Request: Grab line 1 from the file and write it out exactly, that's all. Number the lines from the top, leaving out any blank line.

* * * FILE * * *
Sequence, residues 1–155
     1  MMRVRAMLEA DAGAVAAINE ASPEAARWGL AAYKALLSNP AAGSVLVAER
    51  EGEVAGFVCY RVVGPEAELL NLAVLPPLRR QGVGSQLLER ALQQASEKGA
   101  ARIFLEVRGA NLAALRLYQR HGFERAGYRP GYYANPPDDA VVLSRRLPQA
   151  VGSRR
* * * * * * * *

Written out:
Sequence, residues 1–155